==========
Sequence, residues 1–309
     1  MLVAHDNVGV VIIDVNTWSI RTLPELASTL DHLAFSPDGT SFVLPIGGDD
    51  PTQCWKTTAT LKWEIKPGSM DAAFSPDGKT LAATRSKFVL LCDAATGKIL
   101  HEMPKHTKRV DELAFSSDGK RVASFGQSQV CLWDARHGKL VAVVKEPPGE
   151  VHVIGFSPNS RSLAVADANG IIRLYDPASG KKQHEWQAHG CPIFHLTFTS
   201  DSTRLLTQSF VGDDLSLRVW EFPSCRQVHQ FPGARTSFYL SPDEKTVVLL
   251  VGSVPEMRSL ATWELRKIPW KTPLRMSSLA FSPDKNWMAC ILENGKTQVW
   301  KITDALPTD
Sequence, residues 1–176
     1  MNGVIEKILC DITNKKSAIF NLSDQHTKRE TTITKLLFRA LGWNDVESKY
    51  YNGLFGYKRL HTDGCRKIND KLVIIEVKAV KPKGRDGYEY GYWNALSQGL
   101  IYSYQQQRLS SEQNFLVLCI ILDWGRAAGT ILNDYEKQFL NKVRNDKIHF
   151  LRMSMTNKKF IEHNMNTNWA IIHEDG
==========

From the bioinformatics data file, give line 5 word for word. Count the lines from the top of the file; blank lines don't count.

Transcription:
   151  VHVIGFSPNS RSLAVADANG IIRLYDPASG KKQHEWQAHG CPIFHLTFTS